The late 1950s was the start of modernism in terms of architecture and Ludwig Mies van der Rohe was one of the iconic architects who played a huge role in defining it. His works like the Seagram building had already raised standards by impressing many with his modernist industrialized methods and one of the impressed audiences was the owner of the Bacardi group Mr. José M. Bosch.
Bacardi rum corporation commissioned Mies to design various projects of which the first office building designed in Santiago, Cuba was never built and the Bacardi Administrative Building office in Mexico (1957) was the second project that serves as a case study of corporate modern architecture to this day. This effort helped the Bacardi company reinvent its image at an international level.
Later Bacardi had issued a photographic publication of its new office building claiming that the design followed its philosophy of offices with no partitions and maximum connectivity between employees. This advancement in the architectural language of capitalism through Mies van der Rohe simultaneously supported an increase in the development of buildings that reflect new and innovative architectural features.
The Bacardi office in Mexico was opened in 1962. The structure reflects the architect’s signature concept of “Less is More”. It follows the design principles of having an open floor plan and fluid space that consists of geometric form and grid planning keeping in mind the visual connectivity of the interior and exterior spaces. The location of the project is in Tultitlan on Mariano Escobedo, a city in the State of Mexico.
The structure was constructed parallel to the highway that interfaces Mexico City with the city of Queretaro, isolated by an enormous garden. The architect has wonderfully managed to design the space in a way where the structural elements complement the site context by merging with them.
Concept | Ludwig Mies van der Rohe
The concept of the building is to design a highly flexible open space with strict and rigorous geometrical forms. The main principle used is to follow a double-heighted centralized space within the volume of the whole structure. The low-rise structure consists of two large rectangular floors, 52 meters long and 27 meters wide, that rely on a high and free monolithic platform. To achieve a sense of openness Mies van der Rohe has designed a space that visually spreads outwards. Various features like permeability and versatility are used to differentiate between the building edges and the openness of the site surroundings.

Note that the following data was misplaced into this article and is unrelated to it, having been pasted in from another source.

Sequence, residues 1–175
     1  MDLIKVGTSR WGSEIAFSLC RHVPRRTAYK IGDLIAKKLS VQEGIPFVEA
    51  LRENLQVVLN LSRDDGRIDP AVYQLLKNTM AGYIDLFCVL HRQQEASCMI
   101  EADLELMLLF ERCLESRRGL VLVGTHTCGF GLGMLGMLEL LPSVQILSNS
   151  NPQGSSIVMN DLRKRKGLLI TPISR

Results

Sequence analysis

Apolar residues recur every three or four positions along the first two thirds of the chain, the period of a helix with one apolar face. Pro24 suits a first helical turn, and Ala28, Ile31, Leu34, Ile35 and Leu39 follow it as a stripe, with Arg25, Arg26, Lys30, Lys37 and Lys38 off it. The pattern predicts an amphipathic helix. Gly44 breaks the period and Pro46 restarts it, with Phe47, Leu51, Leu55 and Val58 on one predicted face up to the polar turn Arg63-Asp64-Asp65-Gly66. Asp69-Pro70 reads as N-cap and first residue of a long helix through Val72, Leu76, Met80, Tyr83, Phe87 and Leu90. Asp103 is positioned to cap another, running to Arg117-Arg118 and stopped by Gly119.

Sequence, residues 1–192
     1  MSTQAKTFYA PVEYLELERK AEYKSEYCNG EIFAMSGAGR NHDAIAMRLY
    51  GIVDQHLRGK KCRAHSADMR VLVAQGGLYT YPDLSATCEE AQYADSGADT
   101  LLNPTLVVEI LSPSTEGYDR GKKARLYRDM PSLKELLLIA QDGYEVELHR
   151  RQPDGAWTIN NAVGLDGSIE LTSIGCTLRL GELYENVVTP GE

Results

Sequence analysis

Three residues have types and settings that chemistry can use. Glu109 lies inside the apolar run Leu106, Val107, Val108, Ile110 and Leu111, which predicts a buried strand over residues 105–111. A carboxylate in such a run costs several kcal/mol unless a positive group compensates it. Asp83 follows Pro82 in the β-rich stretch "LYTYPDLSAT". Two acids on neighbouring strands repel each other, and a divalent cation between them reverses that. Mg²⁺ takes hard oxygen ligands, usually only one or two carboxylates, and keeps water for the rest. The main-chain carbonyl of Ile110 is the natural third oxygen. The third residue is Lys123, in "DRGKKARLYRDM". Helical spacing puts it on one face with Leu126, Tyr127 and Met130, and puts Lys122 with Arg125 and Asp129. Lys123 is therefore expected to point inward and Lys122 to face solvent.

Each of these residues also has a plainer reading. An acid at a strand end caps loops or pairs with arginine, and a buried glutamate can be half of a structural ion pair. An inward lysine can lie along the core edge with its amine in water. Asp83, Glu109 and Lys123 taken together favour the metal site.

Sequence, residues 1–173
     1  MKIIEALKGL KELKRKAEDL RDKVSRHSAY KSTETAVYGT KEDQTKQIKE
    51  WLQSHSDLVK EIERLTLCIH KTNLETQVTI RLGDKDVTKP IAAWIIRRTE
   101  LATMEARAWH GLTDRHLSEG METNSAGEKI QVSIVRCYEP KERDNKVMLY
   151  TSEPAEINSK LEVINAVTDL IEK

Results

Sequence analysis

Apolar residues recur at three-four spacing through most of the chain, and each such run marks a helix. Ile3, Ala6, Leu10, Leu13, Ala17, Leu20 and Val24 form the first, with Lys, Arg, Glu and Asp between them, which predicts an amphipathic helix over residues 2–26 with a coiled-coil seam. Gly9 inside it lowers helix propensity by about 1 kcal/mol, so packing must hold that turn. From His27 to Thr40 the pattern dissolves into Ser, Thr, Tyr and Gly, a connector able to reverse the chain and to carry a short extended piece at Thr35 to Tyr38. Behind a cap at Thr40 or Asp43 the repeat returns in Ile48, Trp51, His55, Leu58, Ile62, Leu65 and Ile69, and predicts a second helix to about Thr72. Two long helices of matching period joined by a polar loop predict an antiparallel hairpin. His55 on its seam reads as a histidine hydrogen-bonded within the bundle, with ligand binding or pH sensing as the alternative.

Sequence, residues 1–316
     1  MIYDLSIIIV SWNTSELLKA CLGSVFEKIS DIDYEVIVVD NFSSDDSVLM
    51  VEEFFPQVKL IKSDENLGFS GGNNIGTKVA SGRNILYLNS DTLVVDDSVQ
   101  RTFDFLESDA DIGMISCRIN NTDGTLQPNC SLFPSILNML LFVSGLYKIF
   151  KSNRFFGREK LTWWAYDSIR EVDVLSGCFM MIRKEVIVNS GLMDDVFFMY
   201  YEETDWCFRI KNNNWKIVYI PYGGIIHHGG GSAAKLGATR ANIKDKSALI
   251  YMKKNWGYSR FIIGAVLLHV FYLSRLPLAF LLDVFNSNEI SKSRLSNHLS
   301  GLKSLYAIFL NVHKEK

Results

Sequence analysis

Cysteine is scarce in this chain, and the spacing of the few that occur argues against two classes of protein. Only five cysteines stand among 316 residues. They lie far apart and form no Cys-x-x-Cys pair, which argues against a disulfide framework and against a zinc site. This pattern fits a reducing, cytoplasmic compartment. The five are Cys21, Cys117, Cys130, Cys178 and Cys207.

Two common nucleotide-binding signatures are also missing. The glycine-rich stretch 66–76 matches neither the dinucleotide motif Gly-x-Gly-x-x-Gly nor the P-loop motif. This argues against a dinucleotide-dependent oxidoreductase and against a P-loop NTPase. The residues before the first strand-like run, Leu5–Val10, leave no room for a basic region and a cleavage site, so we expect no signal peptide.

The access is through two staircases at the center of the plan that leads to the main floor. The walls create a double-height lobby. Outside the building are two descending utility shafts that flank the lobby. This lobby only receives light through its sidewalls and is supported vertically.
Inside, on the first floor, the two flights of stairs border an opening to the ground floor lobby. This double-height opening is surrounded by a gallery. The mobile panels separate zones of the meeting/ conference rooms and office workspaces of high-ranking employees. Bathrooms are enclosed at the far ends of the upper floor by the panelled walls. The overall design provides unrestricted views and circulation.
The superstructure is made from reinforced white concrete whose deck is supported by modulations at every 9 meters. The structural profile of the columns is double-T steel. The secondary structure does not overlap at the perimeter of the walls; there is a slight expansion of the porches.
As for the modular facade, Mies van der Rohe used the substructure of profiles in the same geometry where every module of the vertical proportions was divided into five panels. The columns on the longer sides of the structure pass digressing to the line of closure whereas the other sides consist of two overhangs of 3.50 meters on each side. The internal columns pass marginally to the edges twice, similar to the facade design.
The basic construction materials used by Mies van der Rohe follow his language of work; steel, glass, and travertine. The interior spaces are divided by wooden panels. Large glass fronts are supported on steel frames as the facade. And the metal is painted black.
Landscape | Ludwig Mies van der Rohe
Landscape plays an important role, therefore, the grounds of this project were tended by eighteen full-time gardeners as the company emphasized on building’s green environment that included more than 30000 tulips and dahlias encouraging the Mexican landscape. Mies van der Rohe’s open-spanned architecture spaces demonstrate the versatile use of space that was capable of accommodating any program with varying functions.
WikiArquitectura. (n.d.). Bacardi offices in Mexico City – Data, Photos & Plans. [online] Available at: https://en.wikiarquitectura.com/building/bacardi-offices-in-mexico-city/ [Accessed 23 May 2021].
O’Rourke, K.E. (2012). Mies and Bacardi. Journal of Architectural Education, 66(1), pp.57–71. Available at: Mies and Bacardi (tandfonline.com) [Accessed 23 May 2021].